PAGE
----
I left Oak Grove knowing I wouldn’t see my crew for 10 miles. Things were feeling great – stomach good, no hot spots. I could not complain. The next section is where a few things happened that put me back a few minutes.

  • I realized I had to go to the bathroom asap. But I was no where close to the next aid station, so off into the woods I went. I’m not very experienced with crapping in the woods, so this probably took me longer than it should have. It was also wasn’t super woodsy and I really didn’t want anyone to see me, so I went in pretty far. As I was making my way back to the trail, I saw Nick go by but it would be awhile before I caught up to him again.
  • I came across two guys looking like there were searching for something on the ground. Turns out one of the guys fell and his glasses few off his head. I helped him search for a little bit and luckily, another guy found them.
  • Once I got out of the “bathroom” and back on the trail, I ran by myself for a good while. I ended up catching up to a 50-miler and running behind him for a while. All of the sudden he asked when the last time I saw flag was. Crap. I was just following him. We kept going for awhile and didn’t see any flags. We came to a steep downhill and decided we didn’t feel like climbing up that thing if we had in fact missed a turn. So we turned around. We were running for a few minutes (I think??) when we ran into the two fellas I had run with during the Oak Grove loop. They thought they were on course so me and 50-miler guy turned around again. Sigh. I’m not really sure how far we had backtracked, but couldn’t have been too long.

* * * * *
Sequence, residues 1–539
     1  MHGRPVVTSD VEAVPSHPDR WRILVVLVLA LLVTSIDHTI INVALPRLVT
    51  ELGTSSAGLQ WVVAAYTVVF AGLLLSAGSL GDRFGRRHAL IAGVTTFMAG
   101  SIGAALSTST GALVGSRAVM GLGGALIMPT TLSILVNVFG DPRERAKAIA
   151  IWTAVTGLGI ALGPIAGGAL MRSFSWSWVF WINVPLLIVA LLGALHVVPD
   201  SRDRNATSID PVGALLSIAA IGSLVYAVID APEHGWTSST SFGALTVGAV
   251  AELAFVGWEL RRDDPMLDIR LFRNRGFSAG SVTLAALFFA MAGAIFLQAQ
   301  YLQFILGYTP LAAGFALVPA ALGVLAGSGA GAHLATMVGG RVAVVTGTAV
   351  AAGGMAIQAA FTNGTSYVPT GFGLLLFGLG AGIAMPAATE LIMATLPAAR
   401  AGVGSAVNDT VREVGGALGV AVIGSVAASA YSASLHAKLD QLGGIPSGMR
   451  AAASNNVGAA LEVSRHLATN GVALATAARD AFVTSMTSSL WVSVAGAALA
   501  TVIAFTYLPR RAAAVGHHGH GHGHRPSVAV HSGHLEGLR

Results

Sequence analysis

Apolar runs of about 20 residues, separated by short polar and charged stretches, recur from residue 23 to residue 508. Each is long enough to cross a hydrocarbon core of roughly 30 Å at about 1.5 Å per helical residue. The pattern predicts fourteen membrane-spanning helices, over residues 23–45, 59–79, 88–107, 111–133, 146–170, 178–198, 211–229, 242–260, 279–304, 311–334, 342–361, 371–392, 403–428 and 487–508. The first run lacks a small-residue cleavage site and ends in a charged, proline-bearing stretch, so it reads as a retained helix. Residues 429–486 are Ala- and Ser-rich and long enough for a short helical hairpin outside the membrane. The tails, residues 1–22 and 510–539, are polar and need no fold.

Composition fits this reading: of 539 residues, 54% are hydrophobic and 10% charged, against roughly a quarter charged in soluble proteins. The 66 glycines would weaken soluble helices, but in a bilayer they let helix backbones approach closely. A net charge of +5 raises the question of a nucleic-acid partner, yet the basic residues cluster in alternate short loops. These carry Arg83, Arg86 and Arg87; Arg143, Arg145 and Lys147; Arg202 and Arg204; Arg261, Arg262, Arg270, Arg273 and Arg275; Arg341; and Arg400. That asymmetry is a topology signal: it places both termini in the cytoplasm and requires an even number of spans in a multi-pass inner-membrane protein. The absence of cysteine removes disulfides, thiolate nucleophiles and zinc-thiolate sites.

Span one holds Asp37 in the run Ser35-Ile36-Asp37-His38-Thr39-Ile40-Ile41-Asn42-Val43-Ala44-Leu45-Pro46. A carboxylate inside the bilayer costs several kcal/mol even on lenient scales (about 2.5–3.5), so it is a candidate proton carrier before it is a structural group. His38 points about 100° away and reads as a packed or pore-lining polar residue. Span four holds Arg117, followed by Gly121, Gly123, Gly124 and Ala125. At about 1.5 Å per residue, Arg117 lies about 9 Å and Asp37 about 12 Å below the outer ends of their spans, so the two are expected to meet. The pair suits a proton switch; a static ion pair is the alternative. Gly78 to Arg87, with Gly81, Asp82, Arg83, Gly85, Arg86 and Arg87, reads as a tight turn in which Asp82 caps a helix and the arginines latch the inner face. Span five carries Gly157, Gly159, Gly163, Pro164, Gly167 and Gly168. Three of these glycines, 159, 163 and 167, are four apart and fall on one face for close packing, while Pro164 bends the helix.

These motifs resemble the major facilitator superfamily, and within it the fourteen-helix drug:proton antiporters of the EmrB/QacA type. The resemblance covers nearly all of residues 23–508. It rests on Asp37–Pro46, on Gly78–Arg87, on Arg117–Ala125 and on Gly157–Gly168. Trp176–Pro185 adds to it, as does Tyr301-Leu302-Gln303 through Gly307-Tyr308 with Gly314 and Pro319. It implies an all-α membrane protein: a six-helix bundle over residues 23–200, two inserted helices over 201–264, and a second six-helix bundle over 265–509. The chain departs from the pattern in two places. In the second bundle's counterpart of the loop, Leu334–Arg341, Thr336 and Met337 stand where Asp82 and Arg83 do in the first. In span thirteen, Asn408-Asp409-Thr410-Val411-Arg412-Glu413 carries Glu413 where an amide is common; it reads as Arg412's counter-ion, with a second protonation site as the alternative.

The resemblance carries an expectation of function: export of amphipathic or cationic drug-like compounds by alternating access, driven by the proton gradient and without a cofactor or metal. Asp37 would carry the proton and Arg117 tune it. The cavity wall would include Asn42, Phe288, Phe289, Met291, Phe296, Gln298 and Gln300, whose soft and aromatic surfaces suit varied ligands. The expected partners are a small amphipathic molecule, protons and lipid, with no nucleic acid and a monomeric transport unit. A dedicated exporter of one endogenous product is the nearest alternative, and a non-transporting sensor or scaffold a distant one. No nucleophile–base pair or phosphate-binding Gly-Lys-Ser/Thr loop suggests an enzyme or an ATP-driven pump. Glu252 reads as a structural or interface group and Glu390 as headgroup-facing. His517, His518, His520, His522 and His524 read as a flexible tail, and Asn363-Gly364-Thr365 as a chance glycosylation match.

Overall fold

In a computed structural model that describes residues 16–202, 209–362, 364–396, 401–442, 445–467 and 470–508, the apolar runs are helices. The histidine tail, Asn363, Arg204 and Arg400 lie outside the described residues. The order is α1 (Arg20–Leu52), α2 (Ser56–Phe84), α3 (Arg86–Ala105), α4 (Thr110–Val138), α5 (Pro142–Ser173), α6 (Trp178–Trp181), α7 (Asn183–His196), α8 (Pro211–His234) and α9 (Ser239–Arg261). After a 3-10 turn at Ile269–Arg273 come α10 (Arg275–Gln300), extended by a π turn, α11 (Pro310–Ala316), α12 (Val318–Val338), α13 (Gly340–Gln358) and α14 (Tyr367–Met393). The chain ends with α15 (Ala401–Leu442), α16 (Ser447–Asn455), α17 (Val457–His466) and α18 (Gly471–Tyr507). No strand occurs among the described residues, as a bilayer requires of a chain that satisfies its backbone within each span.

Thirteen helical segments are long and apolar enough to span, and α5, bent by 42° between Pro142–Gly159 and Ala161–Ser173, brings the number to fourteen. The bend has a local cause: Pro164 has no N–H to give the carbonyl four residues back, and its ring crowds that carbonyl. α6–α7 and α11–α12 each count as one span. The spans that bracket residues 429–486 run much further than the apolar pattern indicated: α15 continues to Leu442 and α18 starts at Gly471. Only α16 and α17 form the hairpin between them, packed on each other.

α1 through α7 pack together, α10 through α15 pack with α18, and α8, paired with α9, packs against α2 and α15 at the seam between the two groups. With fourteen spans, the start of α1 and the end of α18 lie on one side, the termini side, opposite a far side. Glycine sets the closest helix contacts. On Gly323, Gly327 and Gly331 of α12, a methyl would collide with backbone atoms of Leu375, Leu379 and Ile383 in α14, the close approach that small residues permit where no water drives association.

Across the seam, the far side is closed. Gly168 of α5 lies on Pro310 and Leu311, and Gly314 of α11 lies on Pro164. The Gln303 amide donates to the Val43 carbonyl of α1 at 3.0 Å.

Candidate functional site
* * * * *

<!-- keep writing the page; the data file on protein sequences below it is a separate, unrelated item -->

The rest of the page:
We came through an aid station that had buckets of ice water and sponges. Ooooohhh that felt sooo nice. I was pretty quick through and off I went.

The next aid station was at the Stanford House, which was the 50-miler finish. It was a cute little town and there were a lot of people milling around. Ross met me a little before the aid station and gave me a smooch. It was nice to see him.

Stanford Aid station. Photo cred: Julie.
Stanford Aid station.
Every aid station was like a pit stop.

I wasn’t sure if I was on track still for 22 hours, but still felt great so didn’t really care. Julie said I was doing well and that was good enough for me. I changed my shoes at this aid station because I knew I had a blister that I wanted to take care of and I wanted to change my wet shoes and socks. I was probably at this aid station longer than any other. Once again refilled my gel stash and tailwind.